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September 25, 2007   Email to Friend 

Tracy Taylor Grondine
(202) 406-3642
September 25, 2007

WASHINGTON, D.C., Sept. 25, 2007 -- The Senate today approved legislation that would increase the size and capacity of locks and dams on rivers essential to the transportation of many American farm products.

The American Farm Bureau Federation hailed Senate passage of the conference report for H.R. 1495, The Water Resources Development Act (WRDA), because the bill includes provisions to expand and modernize locks and dams on the Upper Mississippi and Illinois rivers.

"Improvements to locks and dams on the Upper Mississippi and Illinois rivers are needed if American agriculture is to remain competitive in a global economy," AFBF President Bob Stallman said. "Twenty-five percent of American agricultural cash receipts come from exports, and much of it moves down the Mississippi River and its tributaries. This bill contains provisions that would result in the doubling in size of the locks on the Upper Mississippi and Illinois rivers."

"The provisions contained in this bill will help ensure that U.S. agriculture will be able to compete with Brazil and China and other countries that have invested heavily in their infrastructure," Stallman said.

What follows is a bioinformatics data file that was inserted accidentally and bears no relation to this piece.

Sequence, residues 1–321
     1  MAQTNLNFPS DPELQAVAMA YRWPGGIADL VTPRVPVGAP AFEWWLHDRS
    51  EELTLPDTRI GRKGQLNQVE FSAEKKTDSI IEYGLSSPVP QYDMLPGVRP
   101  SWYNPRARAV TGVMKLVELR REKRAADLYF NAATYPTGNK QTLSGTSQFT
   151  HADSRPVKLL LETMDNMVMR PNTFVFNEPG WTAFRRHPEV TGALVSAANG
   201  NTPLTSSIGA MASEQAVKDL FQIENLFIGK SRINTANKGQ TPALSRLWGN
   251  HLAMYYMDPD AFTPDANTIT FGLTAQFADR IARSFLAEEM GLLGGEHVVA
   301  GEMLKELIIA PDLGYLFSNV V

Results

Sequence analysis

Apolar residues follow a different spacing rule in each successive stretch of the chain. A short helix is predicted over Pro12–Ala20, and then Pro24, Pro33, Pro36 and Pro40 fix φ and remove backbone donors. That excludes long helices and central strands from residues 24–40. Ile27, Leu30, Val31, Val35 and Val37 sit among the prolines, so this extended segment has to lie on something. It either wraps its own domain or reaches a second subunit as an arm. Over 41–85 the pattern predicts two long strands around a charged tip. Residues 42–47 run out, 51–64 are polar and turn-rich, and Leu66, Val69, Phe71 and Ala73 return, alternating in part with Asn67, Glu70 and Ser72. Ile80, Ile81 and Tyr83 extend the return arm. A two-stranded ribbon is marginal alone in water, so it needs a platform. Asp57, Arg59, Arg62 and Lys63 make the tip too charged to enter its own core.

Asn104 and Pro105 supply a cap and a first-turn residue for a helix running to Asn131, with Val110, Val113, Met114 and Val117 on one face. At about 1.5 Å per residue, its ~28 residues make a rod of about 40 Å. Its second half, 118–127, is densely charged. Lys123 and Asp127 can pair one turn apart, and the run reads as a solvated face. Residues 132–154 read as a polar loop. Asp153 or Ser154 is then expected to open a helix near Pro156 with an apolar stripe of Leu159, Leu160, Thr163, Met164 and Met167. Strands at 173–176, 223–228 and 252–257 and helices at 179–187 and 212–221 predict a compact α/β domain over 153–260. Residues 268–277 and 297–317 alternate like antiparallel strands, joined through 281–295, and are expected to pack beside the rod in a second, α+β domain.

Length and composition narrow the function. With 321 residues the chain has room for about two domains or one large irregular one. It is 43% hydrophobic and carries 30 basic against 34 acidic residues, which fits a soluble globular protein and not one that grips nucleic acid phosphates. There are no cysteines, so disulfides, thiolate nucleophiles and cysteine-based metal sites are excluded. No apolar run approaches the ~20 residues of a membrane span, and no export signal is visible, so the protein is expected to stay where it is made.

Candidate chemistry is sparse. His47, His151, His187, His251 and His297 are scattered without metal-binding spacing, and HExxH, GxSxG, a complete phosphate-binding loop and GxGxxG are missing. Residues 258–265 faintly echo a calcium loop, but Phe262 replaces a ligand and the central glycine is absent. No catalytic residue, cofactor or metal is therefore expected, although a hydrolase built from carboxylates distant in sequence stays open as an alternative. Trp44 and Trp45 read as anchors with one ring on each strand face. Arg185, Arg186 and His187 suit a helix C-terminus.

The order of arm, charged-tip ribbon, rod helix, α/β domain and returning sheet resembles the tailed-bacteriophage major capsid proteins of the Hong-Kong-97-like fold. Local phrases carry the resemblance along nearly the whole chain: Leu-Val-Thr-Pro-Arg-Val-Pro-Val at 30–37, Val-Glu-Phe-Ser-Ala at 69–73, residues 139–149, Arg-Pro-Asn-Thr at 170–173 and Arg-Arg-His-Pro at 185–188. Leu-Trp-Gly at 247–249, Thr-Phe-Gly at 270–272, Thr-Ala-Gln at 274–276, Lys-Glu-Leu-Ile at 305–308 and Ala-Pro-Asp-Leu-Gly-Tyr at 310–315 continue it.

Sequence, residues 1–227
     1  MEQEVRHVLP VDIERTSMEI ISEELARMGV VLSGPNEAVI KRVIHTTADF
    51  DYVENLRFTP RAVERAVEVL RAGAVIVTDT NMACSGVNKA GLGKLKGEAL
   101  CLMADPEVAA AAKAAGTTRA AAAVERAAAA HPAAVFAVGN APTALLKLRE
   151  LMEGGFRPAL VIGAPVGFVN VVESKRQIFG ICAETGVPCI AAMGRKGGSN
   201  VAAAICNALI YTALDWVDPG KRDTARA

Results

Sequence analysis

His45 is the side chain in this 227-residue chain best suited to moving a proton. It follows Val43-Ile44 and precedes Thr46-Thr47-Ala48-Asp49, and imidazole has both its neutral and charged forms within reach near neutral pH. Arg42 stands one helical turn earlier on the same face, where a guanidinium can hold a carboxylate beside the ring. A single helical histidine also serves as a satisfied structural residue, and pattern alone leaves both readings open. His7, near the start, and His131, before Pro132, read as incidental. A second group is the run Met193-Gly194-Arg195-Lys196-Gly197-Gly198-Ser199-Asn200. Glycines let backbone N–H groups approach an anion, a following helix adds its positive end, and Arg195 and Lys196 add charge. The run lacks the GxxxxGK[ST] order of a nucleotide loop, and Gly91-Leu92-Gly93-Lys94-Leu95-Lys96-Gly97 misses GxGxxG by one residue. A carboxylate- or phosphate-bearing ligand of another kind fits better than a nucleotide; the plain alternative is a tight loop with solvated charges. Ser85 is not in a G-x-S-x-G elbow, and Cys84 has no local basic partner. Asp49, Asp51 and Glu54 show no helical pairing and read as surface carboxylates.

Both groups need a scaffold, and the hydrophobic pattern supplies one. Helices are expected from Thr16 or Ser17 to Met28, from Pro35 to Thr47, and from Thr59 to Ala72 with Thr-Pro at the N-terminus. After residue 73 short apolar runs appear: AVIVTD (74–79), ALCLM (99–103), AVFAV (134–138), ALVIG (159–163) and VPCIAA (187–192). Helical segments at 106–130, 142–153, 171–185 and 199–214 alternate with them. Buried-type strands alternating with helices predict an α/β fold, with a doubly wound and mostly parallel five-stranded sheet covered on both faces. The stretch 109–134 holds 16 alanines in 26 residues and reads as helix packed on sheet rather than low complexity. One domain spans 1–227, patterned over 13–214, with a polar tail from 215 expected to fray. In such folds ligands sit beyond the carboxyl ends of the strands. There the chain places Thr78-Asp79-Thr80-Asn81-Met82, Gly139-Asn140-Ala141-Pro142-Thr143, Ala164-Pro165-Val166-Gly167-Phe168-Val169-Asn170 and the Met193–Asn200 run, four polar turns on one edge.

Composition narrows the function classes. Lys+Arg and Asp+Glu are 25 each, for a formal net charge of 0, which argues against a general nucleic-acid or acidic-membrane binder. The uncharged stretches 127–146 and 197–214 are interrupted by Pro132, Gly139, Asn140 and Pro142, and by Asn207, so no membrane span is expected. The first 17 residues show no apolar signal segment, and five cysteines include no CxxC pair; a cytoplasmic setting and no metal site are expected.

The legislation also authorizes the Army Corp of Engineers to undertake water infrastructure improvement projects across the U.S. The proposed projects range from flood control and dam safety initiatives to storm damage reduction and environmental restoration efforts.

The House of Representatives already approved the legislation so now it is up to President Bush to sign this bill into law or allow it to become law. AFBF urges the president to move expeditiously on this important legislation that is vital to American agricultural interests.

Passage of this long-overdue infrastructure modernization package signifies success after years of efforts by Farm Bureau members and staff. The last WRDA bill was approved in 2000.

In addition, because this is authorizing legislation, supporters of new WRDA legislation must turn their attentions to ensuring the requisite dollars are appropriated to implement the provisions contained in the conference report.

Further, the Bush administration has objected to the overall cost of the bill, which is projected around $21 billion, and threatened to veto it. It is worth noting that an important reason the cost of the bill is high is because Congress has not approved a WRDA bill since 2000.

The House earlier approved the bill by a veto-proof margin of 381 to 40.

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